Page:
Sports fans are great. They totally buy into their team – the jerseys, hats, face paint, horns and huge foam fingers. They are at every match, sometimes even traveling to see their team in away games. They are loud and boisterous and supportive. Their contagious enthusiasm incites fervour in other spectators. And the athletes feed off the crowd’s energy.
But heaven forbid that the beloved team should botch a game. Then those previously adoring fans mutate into rabid, psychotic monsters. They launch shouted insults at the players. They spew venom at the coaches. They call down curses upon the officials. Once their expectations are dashed, their affection quickly erodes.
Passover week 2000 years ago must have been a similarly emotional about-face. It started with a parade. A hero rode through the streets of Jerusalem with his posse. Fans turned out in droves to cover the parade route with palm fronds. They screamed and cheered as their champion passed by, hoping for a glimpse, a wave, or an electric moment of eye contact.
The entire Jewish nation had been waiting to hear from God for hundreds of years, and here he was in the flesh: a hometown hero, a compassionate friend, a miracle-worker, an impassioned orator, a self-restrained rebel, and a soon-to-be political conqueror.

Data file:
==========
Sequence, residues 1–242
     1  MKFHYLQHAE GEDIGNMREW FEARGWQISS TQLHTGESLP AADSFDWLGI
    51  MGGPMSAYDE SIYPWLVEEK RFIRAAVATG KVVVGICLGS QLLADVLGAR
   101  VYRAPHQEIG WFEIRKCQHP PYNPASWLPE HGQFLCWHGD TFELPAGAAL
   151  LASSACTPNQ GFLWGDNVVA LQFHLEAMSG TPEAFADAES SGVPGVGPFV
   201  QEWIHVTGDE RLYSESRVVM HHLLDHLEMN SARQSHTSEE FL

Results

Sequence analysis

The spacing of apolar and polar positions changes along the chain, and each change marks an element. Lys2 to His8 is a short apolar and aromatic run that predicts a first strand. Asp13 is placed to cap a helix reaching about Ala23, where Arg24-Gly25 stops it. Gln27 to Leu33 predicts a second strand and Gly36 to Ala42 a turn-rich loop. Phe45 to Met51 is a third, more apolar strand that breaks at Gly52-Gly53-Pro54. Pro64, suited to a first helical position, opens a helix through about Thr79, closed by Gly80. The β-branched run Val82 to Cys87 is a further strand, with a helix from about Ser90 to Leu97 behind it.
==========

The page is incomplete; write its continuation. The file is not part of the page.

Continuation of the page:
And then Friday happened.
Instead of rallying his supporters, instigating a military revolt, and challenging the authority of the hated Roman occupation, the Jewish champion quit. Just gave up. No fight, no flight, no sly manoeuvres in the night. Just resignation. Surrender. Defeat.
And in the blink of an eye, his adoring fans turned on him. The voices that had so recently chanted his praises now shrieked in hatred, demanding his death.
I can’t say that I would’ve acted any differently. The realization that my intense fervour was so dramatically misplaced would sting too much. Nobody likes feeling duped. And nobody likes a hero who appears to have wussed out. I don’t know that I would be bloodthirsty enough to actually cry out for his assassination, but I can’t honestly claim that I would have stood in his defense.
My expectations of how he would demonstrate his power would have distorted my understanding of how he said he would demonstrate his power. And I would’ve walked away, fully believing that all was lost.
Today, we all have days, weeks, months that feel like that Friday. Instead of the dramatic victory that we were so sure was imminent, we find ourselves bewildered by the apparent shift in power. We feel abandoned. Crushed. Bewildered by what on earth just happened.
The difference between the fans of then and the fans of now is that we have the benefit of knowing how that weekend played out 2000 years ago. We know that death wasn’t the end of the story, and that the hero’s eventual demonstration of power was more magnificent and more triumphant than anything we could have imagined.
I don’t want to be a fickle-affection fan. I am all in – investing everything I have and everything I am for the cause of my Champion’s victory. No matter what Friday holds, I already know what Sunday will bring.